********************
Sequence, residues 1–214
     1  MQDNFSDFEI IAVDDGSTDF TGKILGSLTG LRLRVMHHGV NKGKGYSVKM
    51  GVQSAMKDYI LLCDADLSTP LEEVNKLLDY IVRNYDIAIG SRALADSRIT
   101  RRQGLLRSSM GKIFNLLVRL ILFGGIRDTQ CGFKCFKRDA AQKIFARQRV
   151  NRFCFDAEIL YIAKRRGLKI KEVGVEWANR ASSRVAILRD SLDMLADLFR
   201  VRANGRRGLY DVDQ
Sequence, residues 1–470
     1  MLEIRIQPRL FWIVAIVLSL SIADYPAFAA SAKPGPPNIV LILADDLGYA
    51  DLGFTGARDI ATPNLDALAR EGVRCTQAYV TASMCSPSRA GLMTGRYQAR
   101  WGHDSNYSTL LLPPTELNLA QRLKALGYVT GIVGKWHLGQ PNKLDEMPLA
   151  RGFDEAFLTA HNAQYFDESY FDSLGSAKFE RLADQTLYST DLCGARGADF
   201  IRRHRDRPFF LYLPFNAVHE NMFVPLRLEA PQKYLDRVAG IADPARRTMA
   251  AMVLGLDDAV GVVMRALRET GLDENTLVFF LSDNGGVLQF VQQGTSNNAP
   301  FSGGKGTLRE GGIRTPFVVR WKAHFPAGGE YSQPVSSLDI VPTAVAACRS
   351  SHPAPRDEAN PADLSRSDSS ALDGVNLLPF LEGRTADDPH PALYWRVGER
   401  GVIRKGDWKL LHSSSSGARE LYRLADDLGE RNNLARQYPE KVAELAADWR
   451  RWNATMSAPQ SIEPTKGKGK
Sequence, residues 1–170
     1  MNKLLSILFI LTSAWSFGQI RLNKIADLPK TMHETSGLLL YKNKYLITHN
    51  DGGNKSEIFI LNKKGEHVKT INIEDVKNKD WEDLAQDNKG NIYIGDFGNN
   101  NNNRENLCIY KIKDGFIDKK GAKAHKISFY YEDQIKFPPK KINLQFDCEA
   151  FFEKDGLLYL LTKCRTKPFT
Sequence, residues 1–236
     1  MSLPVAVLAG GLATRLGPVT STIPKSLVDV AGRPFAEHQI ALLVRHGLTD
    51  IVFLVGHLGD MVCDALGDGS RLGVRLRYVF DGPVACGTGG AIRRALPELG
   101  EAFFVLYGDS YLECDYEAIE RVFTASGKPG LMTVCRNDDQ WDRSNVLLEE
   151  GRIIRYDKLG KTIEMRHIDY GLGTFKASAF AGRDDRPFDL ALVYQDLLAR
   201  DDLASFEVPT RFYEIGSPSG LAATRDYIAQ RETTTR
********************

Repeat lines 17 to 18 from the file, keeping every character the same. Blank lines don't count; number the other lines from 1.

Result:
   451  RWNATMSAPQ SIEPTKGKGK
Sequence, residues 1–170